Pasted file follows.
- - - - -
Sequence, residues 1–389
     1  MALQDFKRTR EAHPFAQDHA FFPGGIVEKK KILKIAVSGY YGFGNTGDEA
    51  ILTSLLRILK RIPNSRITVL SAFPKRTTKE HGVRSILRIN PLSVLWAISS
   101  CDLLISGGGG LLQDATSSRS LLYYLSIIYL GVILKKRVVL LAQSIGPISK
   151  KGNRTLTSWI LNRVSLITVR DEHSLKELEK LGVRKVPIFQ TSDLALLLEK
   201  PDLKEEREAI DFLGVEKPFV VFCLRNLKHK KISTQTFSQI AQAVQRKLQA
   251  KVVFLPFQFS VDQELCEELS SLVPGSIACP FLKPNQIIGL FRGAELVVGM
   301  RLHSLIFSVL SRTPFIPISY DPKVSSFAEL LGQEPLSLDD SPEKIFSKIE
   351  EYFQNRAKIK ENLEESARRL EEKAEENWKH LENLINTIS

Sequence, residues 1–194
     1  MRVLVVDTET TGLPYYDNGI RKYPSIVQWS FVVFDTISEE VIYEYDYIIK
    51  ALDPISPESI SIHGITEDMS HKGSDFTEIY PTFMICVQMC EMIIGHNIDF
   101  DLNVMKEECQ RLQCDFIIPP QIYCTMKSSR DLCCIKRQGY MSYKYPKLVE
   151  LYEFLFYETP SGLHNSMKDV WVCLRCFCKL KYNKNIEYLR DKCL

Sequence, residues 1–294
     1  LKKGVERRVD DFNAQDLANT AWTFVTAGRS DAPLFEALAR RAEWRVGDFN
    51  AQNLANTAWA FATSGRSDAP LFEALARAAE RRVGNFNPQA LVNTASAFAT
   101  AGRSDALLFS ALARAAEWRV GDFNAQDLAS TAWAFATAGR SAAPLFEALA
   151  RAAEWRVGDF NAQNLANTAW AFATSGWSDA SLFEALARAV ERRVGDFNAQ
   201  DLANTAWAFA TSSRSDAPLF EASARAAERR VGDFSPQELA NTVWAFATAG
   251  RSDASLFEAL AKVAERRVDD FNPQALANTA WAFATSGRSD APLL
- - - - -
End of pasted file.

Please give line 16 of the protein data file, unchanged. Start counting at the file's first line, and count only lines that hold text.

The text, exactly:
     1  LKKGVERRVD DFNAQDLANT AWTFVTAGRS DAPLFEALAR RAEWRVGDFN